That same farm system that Monfort talked up for producing starting pitching that can win at altitude in Tuesday’s press conference is ranked No. 29 by Bleacher Report. He’s right that it has produced some, like Kyle Freeland and Co., but the next in line has to continue the trend. This means Ryan Castellani and the three pitchers in the Rockies top-10 prospect list in Ryan Rolison, Chris McMahon, and Ben Bowden.
A few years ago, just in 2016, Baseball America ranked the Rockies at No. 6. However, all the players that helped earn that ranking, are now on the Rockies. The farm system is depleted. The Rockies had one player in the MLB.com’s Top 100 Prospects list before the Arenado trade in Zac Veen (No. 54). After the Nolan trade, that number is the same. The best prospect the Rockies have coming down the pipe from St. Louis is 22-year-old third baseman Elehruis Montero, who was the tenth-best prospect in the Cardinals system. The Cardinals have three top-100 prospects — outfielder Dylan Carlson (No. 13), left-handed pitcher Matthew Liberatore (No. 37) and third baseman Nolan Gorman (No. 38). But the Rockies didn’t get any of those players. “Not the type of return you’d expect for a superstar, The Athletic’s Jim Bowden said. “They got nothing close to what the Red Sox got for Mookie Betts, the Indians got for Francisco Lindor or even what the Rays got for Blake Snell.”
Instead, Colorado got right-handed pitcher Tony Locey, a 22-year-old who hasn’t pitched above Class-A and was ranked No. 19 in the St. Louis system after being drafted in the third round in 2019. Joining Locey is infielder Mateo Gil, a 20-year-old shortstop who was a third-round draft pick in 2018 and ranked No. 22 in Cardinals prospects. Rounding out the trade is another RHP, Jake Sommers, a 2019 10th-round pick who wasn’t ranked in the Cardinals system. O
As The Athletic’s Keith Law said, “The Rockies just traded one of the five best players in franchise history, one with an argument that he was in fact the best, for one of the weakest returns I have ever seen for a player of this magnitude and impact. In this trade, however, the Rockies just dumped a contract, failing to acquire any players who seem likely to be part of the core of their next playoff team. That is the part that should most get under Rockies fans’ skins.”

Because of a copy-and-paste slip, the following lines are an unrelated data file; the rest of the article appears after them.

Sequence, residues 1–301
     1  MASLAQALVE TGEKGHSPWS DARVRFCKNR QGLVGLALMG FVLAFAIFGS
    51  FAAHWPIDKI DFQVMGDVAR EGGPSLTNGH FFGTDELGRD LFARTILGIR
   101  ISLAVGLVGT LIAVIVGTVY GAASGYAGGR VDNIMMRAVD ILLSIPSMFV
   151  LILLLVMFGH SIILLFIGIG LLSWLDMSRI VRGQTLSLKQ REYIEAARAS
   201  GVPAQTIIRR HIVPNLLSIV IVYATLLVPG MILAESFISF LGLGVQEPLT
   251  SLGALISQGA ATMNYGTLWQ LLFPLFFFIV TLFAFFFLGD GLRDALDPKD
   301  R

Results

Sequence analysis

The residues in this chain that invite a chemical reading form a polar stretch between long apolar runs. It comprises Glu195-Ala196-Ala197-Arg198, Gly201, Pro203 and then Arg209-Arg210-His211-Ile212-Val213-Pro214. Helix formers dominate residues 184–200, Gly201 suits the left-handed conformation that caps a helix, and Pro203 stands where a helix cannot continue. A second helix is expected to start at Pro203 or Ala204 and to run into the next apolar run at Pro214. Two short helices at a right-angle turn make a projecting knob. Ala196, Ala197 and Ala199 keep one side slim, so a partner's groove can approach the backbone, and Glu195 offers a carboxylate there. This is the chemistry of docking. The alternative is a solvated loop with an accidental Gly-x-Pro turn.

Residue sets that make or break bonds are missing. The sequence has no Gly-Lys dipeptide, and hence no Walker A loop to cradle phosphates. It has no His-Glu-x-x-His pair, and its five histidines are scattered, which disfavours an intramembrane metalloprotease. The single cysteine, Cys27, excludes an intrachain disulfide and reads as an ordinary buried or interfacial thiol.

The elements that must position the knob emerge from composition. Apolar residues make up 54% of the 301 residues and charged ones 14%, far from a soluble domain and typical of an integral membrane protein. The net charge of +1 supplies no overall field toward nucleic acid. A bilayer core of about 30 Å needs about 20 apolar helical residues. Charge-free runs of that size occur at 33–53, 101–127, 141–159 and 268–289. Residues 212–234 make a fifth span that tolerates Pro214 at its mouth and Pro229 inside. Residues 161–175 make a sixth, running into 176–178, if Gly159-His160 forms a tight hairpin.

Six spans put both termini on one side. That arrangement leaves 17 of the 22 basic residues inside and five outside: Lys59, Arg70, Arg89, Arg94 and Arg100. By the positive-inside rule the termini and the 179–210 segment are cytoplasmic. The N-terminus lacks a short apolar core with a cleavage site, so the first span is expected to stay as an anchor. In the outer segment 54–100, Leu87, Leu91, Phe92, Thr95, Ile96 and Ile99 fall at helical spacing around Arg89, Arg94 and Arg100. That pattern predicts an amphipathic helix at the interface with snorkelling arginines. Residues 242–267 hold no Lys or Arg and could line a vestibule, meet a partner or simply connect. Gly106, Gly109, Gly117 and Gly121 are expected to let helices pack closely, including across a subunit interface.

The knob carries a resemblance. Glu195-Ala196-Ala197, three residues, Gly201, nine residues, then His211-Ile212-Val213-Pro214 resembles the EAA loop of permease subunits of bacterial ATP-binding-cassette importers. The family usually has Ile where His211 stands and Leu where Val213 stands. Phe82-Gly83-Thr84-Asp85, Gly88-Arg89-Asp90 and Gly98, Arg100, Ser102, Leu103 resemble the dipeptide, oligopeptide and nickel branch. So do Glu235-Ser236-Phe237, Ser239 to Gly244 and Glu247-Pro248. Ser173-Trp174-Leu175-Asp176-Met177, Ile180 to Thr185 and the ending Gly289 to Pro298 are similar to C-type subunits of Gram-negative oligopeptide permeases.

Of course, this all represents knee-jerk reactions to the trade. A few years down the road, some of these prospects could turn out to be something special. Special like Arenado? No. Enough to get the Rockies back in contention? It’s hard to imagine. On Monday, Purple Row’s Adam Peterson took a closer look at the four younger players the Rockies got in the trade and what levels they might be playing at in 2021.
The other wrinkle in prospect projections right now is that there were no MiLB games in 2020. Sure players could still train and practice, but without games, their development could take serious hits. Moving forward, farm systems have downsized, meaning not as many players are going to be able to play baseball professionally or maybe even have as long to develop their skills. Both of these could have serious adverse effects on young players.
If 2021 and even 2022 (and possibly beyond) Rockies become really skilled at losing, it will come with the consolation of higher draft picks. This could lead to a restocked farm system that could once again give the team stars like Nolan Arenado, Charlie Blackmon, Trevor Story, David Dahl, and Kyle Freeland. But that also means a whole lot of losing before things turn around. With the possibility of stars arising, prospects busting, and trades exchanging, the Rockies future could optimistically be seen as a question mark and pessimistically be seen as a black hole that swallows all light.
In the wise words of Mahatma Ghandi, “The future depends on what you do today.”